Entropy and Life
To argue that evolution is inconsistent with the second law of thermodynamics it is usually stated that evolution is a continual process of achieving higher order and design, which is against the second law. This is an argument based on casual definition of terms, rather than on quantification of order, design, and entropy. I hope that by this point it is reasonably clear that this argument actually has little if anything to do with the second law of thermodynamics. How would one propose to measure the relative order or design increase that would accompany any evolutionary step? What number represents the difference between standing erect and walking on all fours, between having only day vision and between having also developed night vision...? If we cannot answer such questions, then arguments about order and design will fall outside the realm of science.
To determine whether anything about the chemical processes of life violates the second law of thermodynamics requires looking at all the process on an individual basis. If there is no violation in the absorption of sunlight, or in any subsequent reactions, then there cannot be any violation of the second law as the net sum of such reactions (see the previous section on scaling). I am not personally aware of any such individual spots where the second law is violated. In fact, the second law is about as close as science comes to having sacrosanct laws. Any violations of this law that were discovered anywhere, no matter how small they were, would be very big news... I'm sure I would have heard of it.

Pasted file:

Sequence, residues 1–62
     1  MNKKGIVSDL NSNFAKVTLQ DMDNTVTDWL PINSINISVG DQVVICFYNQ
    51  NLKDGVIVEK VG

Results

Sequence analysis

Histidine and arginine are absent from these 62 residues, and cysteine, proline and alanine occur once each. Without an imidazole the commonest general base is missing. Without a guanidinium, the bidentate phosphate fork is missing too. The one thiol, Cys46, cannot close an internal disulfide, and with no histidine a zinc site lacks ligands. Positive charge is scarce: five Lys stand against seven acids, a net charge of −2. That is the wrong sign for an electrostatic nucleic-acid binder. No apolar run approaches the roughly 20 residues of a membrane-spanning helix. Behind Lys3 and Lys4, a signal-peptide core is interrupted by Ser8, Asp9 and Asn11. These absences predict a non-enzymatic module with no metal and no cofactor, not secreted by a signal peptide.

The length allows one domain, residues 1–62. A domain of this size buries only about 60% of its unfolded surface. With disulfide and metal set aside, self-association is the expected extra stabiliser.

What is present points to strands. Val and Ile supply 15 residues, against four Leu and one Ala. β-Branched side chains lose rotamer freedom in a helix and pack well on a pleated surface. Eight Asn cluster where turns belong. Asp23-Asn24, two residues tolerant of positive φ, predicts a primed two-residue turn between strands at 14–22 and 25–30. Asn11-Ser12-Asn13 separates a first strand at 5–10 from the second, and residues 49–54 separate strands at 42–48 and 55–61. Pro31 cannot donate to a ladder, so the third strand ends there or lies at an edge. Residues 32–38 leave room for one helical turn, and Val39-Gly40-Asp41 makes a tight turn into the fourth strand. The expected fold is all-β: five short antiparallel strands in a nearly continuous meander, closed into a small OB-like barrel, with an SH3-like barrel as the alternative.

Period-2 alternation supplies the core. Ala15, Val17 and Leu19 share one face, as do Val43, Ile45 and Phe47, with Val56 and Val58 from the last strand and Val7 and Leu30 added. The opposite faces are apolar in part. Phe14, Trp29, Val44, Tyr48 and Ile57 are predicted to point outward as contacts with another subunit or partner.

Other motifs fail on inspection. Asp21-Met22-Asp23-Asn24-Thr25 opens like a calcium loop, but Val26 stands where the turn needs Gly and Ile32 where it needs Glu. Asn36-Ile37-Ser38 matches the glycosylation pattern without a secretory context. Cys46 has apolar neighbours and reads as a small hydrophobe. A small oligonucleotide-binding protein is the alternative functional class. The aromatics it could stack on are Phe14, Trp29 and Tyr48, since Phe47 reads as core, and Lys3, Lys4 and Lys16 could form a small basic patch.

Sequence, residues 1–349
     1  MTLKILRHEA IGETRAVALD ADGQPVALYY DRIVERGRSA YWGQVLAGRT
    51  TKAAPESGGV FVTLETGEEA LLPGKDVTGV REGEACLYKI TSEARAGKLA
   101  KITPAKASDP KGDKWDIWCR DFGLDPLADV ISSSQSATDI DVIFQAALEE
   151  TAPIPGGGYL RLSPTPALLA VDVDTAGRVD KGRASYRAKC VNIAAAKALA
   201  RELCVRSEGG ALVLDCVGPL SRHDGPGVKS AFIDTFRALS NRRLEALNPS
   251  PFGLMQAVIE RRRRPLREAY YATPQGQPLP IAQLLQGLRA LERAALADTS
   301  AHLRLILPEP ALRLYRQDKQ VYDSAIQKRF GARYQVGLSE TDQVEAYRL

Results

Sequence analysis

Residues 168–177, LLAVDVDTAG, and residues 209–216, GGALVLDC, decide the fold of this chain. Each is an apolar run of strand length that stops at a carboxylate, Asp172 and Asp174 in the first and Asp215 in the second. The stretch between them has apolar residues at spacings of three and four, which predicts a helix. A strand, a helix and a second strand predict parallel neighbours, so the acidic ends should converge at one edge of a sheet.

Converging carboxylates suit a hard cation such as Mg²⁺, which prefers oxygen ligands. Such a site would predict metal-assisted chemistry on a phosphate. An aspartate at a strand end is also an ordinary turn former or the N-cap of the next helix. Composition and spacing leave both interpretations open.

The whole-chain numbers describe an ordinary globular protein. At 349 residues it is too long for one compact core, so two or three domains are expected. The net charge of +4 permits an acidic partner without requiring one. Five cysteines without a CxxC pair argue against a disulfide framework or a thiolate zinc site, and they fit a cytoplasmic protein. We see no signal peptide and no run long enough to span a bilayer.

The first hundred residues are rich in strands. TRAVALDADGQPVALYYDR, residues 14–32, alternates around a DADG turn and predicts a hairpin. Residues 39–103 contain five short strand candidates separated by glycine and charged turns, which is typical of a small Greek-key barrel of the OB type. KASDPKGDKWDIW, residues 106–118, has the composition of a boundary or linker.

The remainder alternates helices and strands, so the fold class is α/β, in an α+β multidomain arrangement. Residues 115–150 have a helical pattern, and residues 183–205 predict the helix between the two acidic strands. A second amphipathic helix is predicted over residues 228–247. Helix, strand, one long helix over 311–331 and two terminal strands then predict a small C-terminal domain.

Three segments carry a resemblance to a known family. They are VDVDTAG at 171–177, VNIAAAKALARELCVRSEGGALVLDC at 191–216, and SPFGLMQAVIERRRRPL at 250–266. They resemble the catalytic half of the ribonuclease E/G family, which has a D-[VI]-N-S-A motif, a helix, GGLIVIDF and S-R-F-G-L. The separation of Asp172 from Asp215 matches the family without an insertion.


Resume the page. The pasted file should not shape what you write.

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If life were subject to the kind of random change that evolution would require (and it is clearly not), it would have destroyed itself long ago. An accidental increase in useful information is denied by the second law, and all those loony dissertations that attempt to 'debunk' this fact are illogical nonsequiters that endlessly play with words to the point of destroying language as effectively as evolution would destroy life.